Insight on Show 3 by Big Break’s Kelly Jacques

By Big Break ProducerOctober 23, 2014, 7:57 pm

Former Big Break Ireland competitor and LPGA/Symetra Tour professional Kelly Jacques is back to lend her insight on Big Break Myrtle Beach.  Each week, Kelly will give you her thoughts on that week’s show, including what the pressure is like, since she has been there before. She also will provide you with some behind-the-scenes info on the cast – Kelly has played alongside a few of them on the Symetra Tour the past few years.  While she has no knowledge of any results on the series, she will offer up thoughts on her favorites – and some non-favorites – on Big Break Myrtle Beach.  When not providing her Big Break commentary, Kelly works for, Golf Channel’s official online tee-times provider.

 Big Break Myrtle Beach: Episode 3

 The flop wall is here! Pair that with the rising tension and the contentious Anthony, you get an awesome third episode!

 The producers always change up this staple challenge to keep it interesting and keep the competitors on their toes. This season, they hit from a set distance, over the wall towards the pin and into a circle. If the player’s ball finishes inside the circle they earn 10 points. If they fail to do so they earn 0 points. Now here is where it gets interesting. The producers brought back the drama causing: In and Out Benches. While each player hits, the remaining players either sit on the “in” bench or the “out” bench, depending on if they think the player will hit it inside the circle or not. For every right answer each player will receive 2 points. The players with the highest four point totals will automatically move on to the next show, with the highest point total receiving $2,500 courtesy of Macanudo. I love these types of challenges that combine both skill and strategy.


Tessa was the first to hit and she nearly made it finishing just a few feet from the hole. Surprisingly, she was the ONLY player to successfully hit it inside the circle. A few epic fails were Anthony who had the quick and nervous chip resulting in a chunk; Katy H., who barely hit it over the wall; and Dave, who squarely hit the wall. Everyone took their time but Anthony, who literally walked up to the shot, barely set his feet and hit. This is an interesting approach when under pressure. I have a feeling that he isn’t as confident as he leads on. Tessa had the skill and also proved she’s smart too. She knew with a few players to go, no one could overtake her at the top position, as long as she mirrored Caroline’s picks. She did just that and secured the $2,500 cash. However, there was a playoff between Charlie and Toph to decide that 4th immunity spot. Anthony ruffled some more feathers by refusing to join the group while watching the playoff. I’m not so sure about his approach to this competition. I get his mentality that he is here to win, not make friends. However, making friends and having them on your side will always serve you well. It will be interesting to see if alienating himself will have a backlash. Charlie proceeded to hit a great shot inside the circle while Toph did not.  The golfers moving on to the next show are Tessa, Caroline, Katy H and Charlie. I am not surprised by these results, with the exception of Emily. With her impressive resume, including winning the USGA Amateur Public Links Championship, I’ve been surprised by her lack luster play thus far. I’m hoping she’ll settle down and start playing her game!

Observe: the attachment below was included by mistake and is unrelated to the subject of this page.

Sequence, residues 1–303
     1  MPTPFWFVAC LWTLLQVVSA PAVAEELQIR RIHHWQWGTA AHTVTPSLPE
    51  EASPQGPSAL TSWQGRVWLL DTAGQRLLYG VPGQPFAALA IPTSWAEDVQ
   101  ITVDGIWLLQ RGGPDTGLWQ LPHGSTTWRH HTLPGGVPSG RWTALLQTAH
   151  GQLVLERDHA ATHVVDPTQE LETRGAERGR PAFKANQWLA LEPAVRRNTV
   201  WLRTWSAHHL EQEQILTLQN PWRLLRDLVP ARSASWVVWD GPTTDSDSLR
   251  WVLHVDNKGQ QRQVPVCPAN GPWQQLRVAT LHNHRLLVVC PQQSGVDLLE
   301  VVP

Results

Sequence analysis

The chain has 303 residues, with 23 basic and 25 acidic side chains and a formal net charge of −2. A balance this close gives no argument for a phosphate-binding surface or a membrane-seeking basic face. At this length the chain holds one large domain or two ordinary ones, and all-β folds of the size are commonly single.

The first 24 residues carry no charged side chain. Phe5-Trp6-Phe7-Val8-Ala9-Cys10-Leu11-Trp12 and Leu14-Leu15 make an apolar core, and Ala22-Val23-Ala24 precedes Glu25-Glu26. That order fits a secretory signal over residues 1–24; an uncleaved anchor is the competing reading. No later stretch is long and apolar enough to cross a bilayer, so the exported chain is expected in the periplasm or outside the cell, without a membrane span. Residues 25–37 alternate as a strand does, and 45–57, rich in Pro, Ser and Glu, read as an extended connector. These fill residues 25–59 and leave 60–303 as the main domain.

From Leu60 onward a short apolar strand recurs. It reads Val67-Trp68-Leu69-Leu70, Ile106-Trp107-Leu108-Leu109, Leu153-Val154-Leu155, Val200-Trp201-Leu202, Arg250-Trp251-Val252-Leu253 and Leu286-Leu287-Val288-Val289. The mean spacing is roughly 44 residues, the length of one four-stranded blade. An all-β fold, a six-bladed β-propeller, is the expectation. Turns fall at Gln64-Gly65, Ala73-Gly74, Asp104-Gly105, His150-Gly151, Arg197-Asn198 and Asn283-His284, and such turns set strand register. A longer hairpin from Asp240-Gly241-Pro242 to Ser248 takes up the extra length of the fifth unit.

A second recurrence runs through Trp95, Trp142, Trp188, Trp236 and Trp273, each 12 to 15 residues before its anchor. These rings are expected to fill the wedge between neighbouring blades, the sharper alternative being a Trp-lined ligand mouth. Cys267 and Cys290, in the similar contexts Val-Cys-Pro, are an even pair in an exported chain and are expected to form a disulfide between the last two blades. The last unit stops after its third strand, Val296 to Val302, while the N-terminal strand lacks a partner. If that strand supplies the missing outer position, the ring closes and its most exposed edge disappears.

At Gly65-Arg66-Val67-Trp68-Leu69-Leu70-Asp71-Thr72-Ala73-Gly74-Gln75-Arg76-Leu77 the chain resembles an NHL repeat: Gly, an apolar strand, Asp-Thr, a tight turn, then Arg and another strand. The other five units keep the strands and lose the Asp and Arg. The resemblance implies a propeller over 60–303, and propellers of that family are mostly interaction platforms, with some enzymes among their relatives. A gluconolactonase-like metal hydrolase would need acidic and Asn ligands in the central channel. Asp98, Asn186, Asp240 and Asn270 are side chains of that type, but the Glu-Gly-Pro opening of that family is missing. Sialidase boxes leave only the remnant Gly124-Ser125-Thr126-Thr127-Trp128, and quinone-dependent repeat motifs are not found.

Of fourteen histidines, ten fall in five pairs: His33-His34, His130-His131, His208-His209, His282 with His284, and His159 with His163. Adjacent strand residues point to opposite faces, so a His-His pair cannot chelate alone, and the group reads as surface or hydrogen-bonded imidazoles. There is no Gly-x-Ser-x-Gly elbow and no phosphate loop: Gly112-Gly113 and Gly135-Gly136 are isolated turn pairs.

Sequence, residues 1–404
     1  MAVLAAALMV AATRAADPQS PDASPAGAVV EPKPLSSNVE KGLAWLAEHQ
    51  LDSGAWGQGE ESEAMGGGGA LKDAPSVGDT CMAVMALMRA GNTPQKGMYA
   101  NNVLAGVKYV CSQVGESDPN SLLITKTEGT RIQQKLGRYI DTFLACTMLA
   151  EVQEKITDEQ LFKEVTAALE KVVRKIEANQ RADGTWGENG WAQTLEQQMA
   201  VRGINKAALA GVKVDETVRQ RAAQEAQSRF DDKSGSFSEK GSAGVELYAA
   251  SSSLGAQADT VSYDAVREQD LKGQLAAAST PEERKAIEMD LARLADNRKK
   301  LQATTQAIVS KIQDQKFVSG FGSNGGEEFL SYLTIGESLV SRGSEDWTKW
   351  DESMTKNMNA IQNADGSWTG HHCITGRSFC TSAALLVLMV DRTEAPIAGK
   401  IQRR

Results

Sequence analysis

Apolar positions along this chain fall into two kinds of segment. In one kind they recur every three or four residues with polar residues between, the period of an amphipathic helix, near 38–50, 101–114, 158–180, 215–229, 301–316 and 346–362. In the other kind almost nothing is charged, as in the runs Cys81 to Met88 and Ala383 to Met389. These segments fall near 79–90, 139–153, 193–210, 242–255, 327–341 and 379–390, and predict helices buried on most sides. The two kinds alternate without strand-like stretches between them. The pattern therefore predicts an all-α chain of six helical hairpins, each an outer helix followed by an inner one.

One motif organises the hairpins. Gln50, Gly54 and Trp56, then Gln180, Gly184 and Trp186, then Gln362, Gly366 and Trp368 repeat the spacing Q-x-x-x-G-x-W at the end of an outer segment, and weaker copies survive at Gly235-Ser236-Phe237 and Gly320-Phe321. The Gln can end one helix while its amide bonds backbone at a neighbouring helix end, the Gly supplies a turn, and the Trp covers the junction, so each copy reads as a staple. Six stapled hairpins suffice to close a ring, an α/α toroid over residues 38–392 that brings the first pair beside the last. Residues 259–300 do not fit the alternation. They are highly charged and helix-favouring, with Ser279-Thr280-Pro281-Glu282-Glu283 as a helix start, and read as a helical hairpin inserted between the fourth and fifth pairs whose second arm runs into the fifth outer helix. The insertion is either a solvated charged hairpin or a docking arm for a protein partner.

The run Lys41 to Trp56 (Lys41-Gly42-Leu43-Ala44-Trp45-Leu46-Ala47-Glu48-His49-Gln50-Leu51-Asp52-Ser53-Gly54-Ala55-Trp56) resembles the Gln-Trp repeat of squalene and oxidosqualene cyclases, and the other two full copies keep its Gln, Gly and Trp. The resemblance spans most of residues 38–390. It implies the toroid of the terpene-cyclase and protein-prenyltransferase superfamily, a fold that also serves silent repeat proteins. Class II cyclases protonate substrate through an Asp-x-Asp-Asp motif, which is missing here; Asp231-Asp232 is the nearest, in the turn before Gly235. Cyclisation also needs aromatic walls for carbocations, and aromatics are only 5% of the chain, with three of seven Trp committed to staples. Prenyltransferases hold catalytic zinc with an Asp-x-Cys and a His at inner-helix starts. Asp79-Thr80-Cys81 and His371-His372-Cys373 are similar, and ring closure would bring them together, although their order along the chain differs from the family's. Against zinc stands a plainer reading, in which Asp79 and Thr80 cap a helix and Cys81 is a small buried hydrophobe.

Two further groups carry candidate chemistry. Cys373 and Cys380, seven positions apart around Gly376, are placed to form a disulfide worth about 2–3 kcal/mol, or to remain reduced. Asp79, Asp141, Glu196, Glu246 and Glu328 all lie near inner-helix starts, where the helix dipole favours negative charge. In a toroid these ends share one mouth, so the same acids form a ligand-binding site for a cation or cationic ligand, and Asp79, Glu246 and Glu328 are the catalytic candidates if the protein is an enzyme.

Moving onto the second part of the immunity challenge, the players had to hit their 8-iron as close as possible to the pin from any distance over 90 yards. The first time around, the closest two players are immune. Meanwhile the remaining players have to hit the shot again, combining their two distances. After the second shots, the closest player is immune, while the player who has the worst distance is sent to elimination. Emily hit first from 148 yards and stuck it to 6’7”…finally…an impressive shot! What was more impressive was the yardage she chose…into the wind, she’s a beast! Another solid shot was posted by Christian who hit second from 162 yards to 10’5”. After that, the quality of golf was pretty poor…actually flat out horrible. Dave decided to hit from 160 yards even though he was hitting it 170 yards on the range. Result? 10 yards long. If he would have stuck with his yardage he would have been pin high. A bit of advice, play whatever game you bring to the course that day. Moving on, Katie hit a full 8-iron from 120 yards and came up short of the green. I’m going to give her the benefit of the doubt and say she completely miss-hit it and there was a massive gust of wind…into her. Anthony continued his questionable play, as he decided to hit his 8 iron from 100 yards. This is such a high risk shot, and has to land the ball perfectly to get it close. He proceeded to block it right to 26’2”. Emily and Christian hit it the closest and got to watch the 2nd round from the bench. There is literally no better feeling on this show than knowing your safe and you can watch the others battle it out. The golf, in this 2nd round was even worse. Anthony hit from the same distance with the same result and Toph found himself in the last spot, securing his position in the elimination challenge by missing the green…again.